Nitrogen was used as a collision gas. Leucine-enkephalin served as a lock mass (m/z 556.2771 for positive mode and m/z 554.2615 for negative mode) and was infused at 5 min intervals. The TWCCSN2 and mass calibration of the instrument were performed using the major mix IMS/ToF calibration kit (Waters, Wilmslow, UK). Waters UNIFI v1.9.3 software was used for instrument control and data acquisition.

3.6. Exclusion Lists

For the HDDA and DDA acquisition modes, all the ions that were fragmented in the first analysis were excluded from a second analytical run using the following criteria: retention time tolerance of 30 s (for RPLC) or 45 s (for both HILIC methods), mass tolerance of 5 mDa on the precursor ion, 7 Å2 tolerance for the measured TWCCSN2 (when ion mobility was used) and a MS/MS dynamic peak exclusion with durations of 10 s (RPLC) and 20 s (for both HILIC methods). The lists of fragmented ions were generated in UNIFI by applying two processing methods for the HDDA and DDA acquisition modes, respectively. The following criteria were used for DDA and HDDA: MS and MS/MS ion intensity threshold: 100 and 30 counts, respectively, maximum number of MS and MS/MS ions to keep per set mass: 2000, and maximum allowed number of peaks per chromatogram: 20,000. Then, a CSV file was generated for each analytical run containing the detected m/z, TWCCSN2, and retention times as well as the exclusion criteria for all the precursors. Lastly, the CSV files were imported in UNIFI to exclude the fragmented ions from the second analytical run.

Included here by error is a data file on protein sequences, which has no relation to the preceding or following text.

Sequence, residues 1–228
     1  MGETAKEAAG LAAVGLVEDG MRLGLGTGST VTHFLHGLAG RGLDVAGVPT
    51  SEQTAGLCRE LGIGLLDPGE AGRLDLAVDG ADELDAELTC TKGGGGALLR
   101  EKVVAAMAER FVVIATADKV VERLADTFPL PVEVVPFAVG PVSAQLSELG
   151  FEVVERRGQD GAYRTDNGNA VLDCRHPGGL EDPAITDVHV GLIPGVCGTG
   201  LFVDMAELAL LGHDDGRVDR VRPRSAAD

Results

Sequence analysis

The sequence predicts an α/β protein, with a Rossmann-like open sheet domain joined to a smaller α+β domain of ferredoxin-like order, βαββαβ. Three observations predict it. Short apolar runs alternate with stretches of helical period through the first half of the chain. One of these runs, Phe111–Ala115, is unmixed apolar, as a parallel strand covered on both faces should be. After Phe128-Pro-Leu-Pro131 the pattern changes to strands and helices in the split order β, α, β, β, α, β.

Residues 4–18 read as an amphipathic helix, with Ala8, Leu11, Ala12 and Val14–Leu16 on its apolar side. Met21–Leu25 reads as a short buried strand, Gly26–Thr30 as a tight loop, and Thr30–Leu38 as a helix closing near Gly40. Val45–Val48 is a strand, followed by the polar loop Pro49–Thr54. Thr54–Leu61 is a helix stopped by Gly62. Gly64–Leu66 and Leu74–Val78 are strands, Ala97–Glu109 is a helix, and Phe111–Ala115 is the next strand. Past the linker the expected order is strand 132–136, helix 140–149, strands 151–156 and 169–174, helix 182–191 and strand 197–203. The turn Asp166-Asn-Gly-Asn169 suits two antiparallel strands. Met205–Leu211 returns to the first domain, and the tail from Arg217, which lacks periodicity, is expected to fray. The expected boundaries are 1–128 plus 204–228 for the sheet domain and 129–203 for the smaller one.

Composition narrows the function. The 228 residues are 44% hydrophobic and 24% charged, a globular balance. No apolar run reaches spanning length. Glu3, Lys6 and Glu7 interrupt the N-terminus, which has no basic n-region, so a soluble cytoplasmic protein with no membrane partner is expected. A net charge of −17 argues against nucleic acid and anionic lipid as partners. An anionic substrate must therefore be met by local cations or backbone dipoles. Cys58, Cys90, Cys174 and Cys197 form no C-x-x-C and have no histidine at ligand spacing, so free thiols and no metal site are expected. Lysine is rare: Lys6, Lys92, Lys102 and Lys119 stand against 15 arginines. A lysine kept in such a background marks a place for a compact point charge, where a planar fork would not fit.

3.7. Analytical Sequence

The same analytical sequences were used for all three chromatographic modes, i.e., RPLC, aHILIC, and zHILIC. The initial analytical sequence contained all the MS/MS acquisition modes investigated here, and the second analytical sequence contained only HDDA and DDA acquisition modes with exclusion lists. Details on the analytical sequences can be found in Supplementary Tables S1 and S2.